This American Life, the public radio show that reaches more than 2 million listeners, recently rebroadcast a show focusing on the lives of students in middle School.
The entire show is worth listening too (again), but Act Six, the last segment, is particularly important for harnessing the power of peer influence for positive change. They tell the story of a particular middle school student who had a very challenging home situation, which led to negative behaviors in school and poor relationships with his peers. His teacher, Shannon Grande, spoke with some of the more influential students in the school, explaining the student’s home situation and how it related to his behavior. After that, the students changed their interactions with him.
The students say, “Well, you’ve told us you’re working on this. What are you going to do differently now?” And then he’d try to explain, “Well, I’m trying to take deep breaths. I’m trying to journal when I’m getting angry.” And he’d come up with whatever solutions he was trying to do.
But a lot of times even, it wasn’t about the solution. The peer pressure itself, and the feeling like– he had come in, and he’s making these general statements like “everybody’s against me.” And then he’s starting to feel like, OK, maybe everybody isn’t against me. Maybe they are just frustrated with this behavior that I’m doing that I could be doing better. And we started to see that impact of peer pressure.
Well, it’s like you took the entire machinery of middle school dynamics, and you’re harnessing it to help this kid.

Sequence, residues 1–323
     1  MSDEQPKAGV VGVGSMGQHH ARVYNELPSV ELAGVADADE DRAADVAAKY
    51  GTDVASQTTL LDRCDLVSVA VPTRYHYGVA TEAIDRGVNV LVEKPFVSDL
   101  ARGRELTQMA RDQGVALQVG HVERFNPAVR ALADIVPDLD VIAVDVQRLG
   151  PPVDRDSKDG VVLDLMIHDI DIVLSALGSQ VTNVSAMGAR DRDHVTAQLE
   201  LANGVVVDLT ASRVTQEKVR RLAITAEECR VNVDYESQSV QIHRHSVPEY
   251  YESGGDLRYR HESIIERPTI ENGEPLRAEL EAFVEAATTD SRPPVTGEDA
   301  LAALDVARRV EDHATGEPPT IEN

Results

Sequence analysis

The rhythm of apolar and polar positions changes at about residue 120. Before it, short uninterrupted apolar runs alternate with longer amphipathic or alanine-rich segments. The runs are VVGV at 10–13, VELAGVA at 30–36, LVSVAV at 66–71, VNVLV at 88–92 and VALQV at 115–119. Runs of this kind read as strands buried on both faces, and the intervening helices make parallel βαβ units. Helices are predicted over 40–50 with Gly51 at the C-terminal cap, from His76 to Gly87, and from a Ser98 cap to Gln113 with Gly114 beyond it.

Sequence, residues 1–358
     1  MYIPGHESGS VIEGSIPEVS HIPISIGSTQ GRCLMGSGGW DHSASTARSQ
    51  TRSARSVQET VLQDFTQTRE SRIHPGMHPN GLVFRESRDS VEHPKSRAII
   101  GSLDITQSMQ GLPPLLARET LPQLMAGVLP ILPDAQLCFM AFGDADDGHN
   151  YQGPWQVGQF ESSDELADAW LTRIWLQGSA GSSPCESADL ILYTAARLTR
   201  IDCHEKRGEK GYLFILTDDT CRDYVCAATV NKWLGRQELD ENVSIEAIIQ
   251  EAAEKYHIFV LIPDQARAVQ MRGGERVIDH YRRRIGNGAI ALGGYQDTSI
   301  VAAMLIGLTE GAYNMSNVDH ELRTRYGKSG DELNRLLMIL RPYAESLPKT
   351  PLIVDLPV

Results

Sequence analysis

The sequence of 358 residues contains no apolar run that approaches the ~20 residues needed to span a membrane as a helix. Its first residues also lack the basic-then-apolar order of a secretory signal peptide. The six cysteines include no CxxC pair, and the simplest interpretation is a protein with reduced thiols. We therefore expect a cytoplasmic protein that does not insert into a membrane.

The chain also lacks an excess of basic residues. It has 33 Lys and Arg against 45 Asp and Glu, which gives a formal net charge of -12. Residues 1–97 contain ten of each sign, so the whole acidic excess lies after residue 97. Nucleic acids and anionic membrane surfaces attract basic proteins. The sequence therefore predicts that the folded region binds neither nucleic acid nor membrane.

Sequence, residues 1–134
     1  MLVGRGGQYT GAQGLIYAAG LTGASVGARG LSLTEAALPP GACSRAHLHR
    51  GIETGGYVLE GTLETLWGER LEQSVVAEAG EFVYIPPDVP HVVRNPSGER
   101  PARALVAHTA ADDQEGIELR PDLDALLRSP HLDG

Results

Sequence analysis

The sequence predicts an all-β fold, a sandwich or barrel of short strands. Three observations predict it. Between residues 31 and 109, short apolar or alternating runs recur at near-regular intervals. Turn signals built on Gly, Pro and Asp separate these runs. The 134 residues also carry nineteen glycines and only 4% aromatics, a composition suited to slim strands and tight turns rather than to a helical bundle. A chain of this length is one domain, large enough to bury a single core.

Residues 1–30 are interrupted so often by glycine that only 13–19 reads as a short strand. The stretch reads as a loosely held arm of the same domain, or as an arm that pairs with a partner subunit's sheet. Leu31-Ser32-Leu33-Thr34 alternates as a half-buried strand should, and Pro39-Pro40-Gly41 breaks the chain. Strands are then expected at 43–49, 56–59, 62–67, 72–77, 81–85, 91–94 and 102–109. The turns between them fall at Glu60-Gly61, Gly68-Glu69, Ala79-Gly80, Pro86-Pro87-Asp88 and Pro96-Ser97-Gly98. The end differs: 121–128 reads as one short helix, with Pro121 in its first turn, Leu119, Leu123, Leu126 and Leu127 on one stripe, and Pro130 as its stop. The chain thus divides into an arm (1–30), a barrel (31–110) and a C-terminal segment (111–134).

This is a powerful lesson, not just for those particular students, but for everyone working with this age group. Middle school is an incredibly challenging time, kids are undergoing massive changes. Oftentimes the default coping mechanism is to lash out, bully, or exhibit other negative behaviors.
But, there is also the opportunity to harness ‘the machinery of middle school dynamics’ for positive change. Just like Shannon Grande did with her students, and just like we do with Career & College Clubs.
The Career & College Clubs model is focused on peer learning, and mobilizing the power of peer influence to create a culture of success in our schools. We’ve found that when middle school students are provided the freedom to explore their interests, a framework to guide them down the path, and the knowledge and skills to make good decision, the results are truly remarkable.
Episode 449: Middle School of This American Life can be found here.